Pancetta is an Italian style bacon that has been cured with salt, pepper and other spices. Unlike English and American bacon, Pancetta is not normally not smoked. Pancetta is usually rolled into sausage type shapes unlike other bacon. I purchased a 6 pound piece of fresh skin on pork belly earlier in the week. The first step in the pancetta curing process is removing the skin. You need a very sharp boning knife to accomplish this. Start in one of the corners with a little slice under the skin.
By slowly pulling up and back on the skin and making small slices along the base of the skin you can slowly peel it back. It’s time consuming because you need to take care not to cut away to much mean and fat.
Once the skin has been removed you can start preparing the cure.
The cure calls for kosher salt, “pink salt,” Juniper Berries, peppercorns, Thyme, Rosemary, bay leaves and brown sugar. Use a skillet or sauce pan to break up the juniper berries and peppercorns before mixing them into all the other dry cures.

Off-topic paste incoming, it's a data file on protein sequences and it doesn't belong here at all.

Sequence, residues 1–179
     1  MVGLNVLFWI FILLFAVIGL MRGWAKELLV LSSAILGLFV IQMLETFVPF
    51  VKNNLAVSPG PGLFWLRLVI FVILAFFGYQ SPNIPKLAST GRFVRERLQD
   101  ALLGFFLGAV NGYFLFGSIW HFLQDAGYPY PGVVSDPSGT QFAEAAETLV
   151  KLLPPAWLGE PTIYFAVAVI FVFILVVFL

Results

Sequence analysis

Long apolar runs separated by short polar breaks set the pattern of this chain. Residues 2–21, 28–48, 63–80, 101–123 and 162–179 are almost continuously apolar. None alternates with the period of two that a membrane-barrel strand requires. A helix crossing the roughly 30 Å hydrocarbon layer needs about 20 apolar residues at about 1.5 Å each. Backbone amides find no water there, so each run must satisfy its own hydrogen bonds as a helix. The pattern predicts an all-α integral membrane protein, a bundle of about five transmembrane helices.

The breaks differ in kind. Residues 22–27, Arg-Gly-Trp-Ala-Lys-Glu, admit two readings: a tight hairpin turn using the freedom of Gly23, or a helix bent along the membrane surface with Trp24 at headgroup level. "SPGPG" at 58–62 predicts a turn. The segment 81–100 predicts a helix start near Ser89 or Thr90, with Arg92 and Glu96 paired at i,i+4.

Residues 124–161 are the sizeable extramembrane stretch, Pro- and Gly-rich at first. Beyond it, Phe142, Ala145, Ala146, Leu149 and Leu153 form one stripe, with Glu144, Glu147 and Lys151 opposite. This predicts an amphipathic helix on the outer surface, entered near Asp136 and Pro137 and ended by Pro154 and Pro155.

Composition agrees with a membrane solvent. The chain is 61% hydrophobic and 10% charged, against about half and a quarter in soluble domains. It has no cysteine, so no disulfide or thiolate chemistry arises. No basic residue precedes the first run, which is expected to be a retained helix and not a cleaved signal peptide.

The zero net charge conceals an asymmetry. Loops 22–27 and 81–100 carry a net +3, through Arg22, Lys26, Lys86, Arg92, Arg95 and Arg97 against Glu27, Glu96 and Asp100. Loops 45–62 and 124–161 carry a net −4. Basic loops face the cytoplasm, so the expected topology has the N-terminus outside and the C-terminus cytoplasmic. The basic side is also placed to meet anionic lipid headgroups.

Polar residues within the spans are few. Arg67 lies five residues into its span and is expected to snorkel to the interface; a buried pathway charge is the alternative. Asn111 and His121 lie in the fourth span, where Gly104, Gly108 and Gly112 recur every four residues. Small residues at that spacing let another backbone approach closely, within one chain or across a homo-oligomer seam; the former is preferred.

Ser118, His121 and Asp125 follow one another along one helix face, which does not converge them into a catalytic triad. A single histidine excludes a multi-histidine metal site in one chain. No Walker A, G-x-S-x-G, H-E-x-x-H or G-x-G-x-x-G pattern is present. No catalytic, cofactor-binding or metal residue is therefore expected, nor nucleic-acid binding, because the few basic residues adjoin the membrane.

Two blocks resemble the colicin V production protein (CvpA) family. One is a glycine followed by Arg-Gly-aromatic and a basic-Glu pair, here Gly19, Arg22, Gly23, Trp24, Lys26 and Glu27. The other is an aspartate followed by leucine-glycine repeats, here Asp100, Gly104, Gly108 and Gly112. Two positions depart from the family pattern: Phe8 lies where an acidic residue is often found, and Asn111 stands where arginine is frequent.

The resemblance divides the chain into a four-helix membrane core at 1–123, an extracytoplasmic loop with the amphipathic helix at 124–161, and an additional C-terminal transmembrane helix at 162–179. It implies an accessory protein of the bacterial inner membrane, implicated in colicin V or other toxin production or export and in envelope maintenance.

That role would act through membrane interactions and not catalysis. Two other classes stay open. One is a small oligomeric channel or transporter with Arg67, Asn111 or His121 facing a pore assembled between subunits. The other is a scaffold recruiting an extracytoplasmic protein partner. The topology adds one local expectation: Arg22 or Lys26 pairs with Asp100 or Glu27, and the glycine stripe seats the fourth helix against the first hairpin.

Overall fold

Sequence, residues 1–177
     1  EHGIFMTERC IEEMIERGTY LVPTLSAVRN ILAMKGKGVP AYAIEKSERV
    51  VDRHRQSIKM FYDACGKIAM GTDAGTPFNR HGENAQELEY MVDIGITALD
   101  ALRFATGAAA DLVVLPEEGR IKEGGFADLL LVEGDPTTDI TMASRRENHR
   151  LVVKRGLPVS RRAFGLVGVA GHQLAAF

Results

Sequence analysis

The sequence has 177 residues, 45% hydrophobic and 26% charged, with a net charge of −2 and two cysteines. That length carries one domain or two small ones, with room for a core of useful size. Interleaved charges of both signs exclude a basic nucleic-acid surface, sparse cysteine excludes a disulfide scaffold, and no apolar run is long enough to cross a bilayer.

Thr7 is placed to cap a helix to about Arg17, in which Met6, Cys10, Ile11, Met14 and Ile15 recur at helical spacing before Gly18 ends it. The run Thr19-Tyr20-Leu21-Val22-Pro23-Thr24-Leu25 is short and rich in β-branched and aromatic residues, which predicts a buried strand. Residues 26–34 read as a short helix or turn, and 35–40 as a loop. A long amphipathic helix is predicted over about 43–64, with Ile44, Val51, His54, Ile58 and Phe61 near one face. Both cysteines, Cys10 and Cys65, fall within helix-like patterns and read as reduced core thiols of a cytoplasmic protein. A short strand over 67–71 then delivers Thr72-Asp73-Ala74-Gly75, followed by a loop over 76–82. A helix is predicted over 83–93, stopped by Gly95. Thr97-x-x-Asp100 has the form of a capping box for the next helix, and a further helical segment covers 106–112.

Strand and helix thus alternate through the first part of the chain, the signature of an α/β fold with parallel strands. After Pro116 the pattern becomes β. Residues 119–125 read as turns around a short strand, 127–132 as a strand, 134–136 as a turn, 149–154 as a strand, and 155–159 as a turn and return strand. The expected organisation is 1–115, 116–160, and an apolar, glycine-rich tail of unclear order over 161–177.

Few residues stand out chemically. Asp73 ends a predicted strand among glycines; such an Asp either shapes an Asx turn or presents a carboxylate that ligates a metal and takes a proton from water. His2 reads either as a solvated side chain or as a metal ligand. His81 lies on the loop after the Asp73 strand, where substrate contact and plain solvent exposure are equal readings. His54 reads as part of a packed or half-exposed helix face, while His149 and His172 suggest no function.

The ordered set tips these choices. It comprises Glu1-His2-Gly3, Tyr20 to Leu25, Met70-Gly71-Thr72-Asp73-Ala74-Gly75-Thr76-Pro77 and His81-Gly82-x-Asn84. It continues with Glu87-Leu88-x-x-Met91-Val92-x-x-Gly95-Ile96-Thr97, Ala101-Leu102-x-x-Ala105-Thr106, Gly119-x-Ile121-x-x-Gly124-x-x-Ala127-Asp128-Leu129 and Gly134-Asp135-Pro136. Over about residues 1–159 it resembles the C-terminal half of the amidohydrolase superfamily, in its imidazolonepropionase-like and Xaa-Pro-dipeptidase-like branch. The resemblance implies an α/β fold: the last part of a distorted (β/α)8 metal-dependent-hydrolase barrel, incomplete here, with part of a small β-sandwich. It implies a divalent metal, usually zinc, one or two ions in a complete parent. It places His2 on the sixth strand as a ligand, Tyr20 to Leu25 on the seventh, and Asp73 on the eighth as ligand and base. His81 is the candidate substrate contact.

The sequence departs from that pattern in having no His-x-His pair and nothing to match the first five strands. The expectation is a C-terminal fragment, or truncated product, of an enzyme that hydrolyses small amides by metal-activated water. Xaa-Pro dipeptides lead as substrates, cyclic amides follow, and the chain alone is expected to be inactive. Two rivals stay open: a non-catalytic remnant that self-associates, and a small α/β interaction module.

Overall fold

At the recent Winter Fancy Food Show I received some sample of different Billington’s sugars. I’ve been looking for an opportunity to try out the dark brown sugar. It has a flavor unlike any other brown sugar I’ve every used. Can’t wait to see what difference it makes.
Spread the cure on all sides of pork belly. It’s important to make sure you get the cure even all over.
The pork belly goes into a 2 gallon zip lock back and placed into a 9 X 13 dish.
A plastic cutting board and some weight keeps the pork belly flat. The weight also helps to force some of the moisture out of the meat during the curing process.
The pork belly will remain in the cure of 10 days. Every other day the pork belly will be turned over. I’ll take a picture or two during the process for updates.
The recipe I used can be found at Chow.